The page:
"I think a lot of people knew he was struggling. But no one really knew the details of how bad it was," Casaverde said. "For many months before we lost him, there were just mixed feelings with people who might've had experience with his personality in the past, but people who also felt bad for what he was going through."

Industry in flux

Dayspring's bribery revelations came as less of a shock to members of the SLO County cannabis industry. The 35-year-old Morro Bay native had a reputation as cutthroat and unscrupulous, and Hill was never shy to press the industry for campaign donations, sources said.

"Adam was not very subtle," said Sean Donahoe, a cannabis industry consultant whose work in SLO County dates back to cannabis legalization. "He would occasionally remind me there was an election fundraiser coming up, and sometimes he wasn't too subtle about that. He always said it in his way that everyone's familiar with: 'I'm the guy here on your side helping you out. Throw me a bone.'"

In 2016, Hill made headlines for using similar tactics in a series of leaked emails that showed him chiding local business and community leaders for not sufficiently supporting his reelection campaign.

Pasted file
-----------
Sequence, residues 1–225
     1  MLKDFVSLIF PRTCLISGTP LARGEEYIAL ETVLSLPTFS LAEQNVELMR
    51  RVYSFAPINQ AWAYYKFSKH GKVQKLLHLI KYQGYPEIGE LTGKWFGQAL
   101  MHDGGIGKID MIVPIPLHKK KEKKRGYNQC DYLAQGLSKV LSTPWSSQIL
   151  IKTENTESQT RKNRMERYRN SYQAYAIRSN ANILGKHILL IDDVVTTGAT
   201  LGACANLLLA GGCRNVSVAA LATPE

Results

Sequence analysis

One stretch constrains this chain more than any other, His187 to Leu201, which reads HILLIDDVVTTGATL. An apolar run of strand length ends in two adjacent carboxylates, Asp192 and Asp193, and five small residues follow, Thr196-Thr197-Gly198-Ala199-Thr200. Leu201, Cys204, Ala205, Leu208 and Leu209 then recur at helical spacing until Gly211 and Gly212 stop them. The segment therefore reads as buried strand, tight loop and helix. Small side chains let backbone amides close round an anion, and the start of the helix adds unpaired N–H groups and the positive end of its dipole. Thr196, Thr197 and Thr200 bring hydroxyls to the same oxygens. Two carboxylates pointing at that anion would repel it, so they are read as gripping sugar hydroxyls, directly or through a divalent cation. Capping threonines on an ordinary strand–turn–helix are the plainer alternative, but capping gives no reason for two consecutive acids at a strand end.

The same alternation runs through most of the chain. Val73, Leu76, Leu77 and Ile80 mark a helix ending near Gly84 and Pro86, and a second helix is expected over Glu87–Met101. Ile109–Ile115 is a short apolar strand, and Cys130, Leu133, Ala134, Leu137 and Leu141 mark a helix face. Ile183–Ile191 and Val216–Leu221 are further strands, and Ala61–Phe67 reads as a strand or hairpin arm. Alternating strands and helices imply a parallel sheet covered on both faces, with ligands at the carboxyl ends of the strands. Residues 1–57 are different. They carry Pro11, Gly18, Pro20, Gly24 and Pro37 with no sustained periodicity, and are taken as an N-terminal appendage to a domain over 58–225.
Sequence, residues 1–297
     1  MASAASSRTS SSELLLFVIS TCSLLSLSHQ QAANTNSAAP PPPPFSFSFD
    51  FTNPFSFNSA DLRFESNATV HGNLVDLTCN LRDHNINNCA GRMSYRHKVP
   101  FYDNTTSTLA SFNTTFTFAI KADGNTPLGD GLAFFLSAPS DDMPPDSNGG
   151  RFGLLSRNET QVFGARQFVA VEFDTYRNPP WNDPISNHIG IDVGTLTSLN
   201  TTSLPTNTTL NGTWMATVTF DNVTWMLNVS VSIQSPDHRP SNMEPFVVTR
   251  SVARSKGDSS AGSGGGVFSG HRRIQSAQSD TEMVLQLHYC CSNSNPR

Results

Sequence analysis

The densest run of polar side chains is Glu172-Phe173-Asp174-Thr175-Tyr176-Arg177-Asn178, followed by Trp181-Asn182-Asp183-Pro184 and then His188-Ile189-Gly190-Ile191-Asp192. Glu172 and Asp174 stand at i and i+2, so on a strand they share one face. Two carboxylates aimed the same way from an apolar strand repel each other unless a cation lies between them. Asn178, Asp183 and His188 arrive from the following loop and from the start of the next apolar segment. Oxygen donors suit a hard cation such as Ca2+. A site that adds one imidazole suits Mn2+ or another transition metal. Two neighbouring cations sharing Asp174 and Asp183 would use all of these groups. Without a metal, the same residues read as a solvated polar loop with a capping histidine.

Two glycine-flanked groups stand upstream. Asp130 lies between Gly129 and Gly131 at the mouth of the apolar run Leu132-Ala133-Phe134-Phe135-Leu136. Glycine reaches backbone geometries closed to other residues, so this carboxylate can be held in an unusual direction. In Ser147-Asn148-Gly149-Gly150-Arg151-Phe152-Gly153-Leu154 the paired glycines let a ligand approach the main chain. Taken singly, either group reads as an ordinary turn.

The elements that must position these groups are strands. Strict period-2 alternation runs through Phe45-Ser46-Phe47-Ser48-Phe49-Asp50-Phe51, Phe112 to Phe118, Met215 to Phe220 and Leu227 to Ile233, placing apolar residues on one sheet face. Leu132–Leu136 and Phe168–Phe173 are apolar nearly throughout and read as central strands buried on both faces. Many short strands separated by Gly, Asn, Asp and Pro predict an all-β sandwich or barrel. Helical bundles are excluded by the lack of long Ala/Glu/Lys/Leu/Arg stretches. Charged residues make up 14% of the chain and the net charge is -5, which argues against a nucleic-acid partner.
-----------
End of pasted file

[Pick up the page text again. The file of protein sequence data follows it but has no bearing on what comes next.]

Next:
Donahoe said that politicians on both sides of the aisle in SLO County tend to use exaggerated rhetoric to rev up political support. In the case of cannabis, Hill sold himself as the supervisor who could stop a conservative Board of Supervisors from enacting restrictions on the industry.

"One of the pathologies of SLO County partisan politics on either side is the promotion of throwing red meat to the masses to try to stimulate some sort of fervor for political support," Donahoe said.

click to enlarge PLEADING GUILTY Helios Dayspring, pictured, lobbies the SLO County Board of Supervisors at a meeting in 2019. Dayspring, founder of Natural Healing Center, pleaded guilty last month to bribing late 3rd District Supervisor Adam Hill between 2016 and 2019. - SCREENSHOT FROM SLO COUNTY BOARD OF SUPERVISORS MEETING
  • Screenshot From SLO County Board Of Supervisors Meeting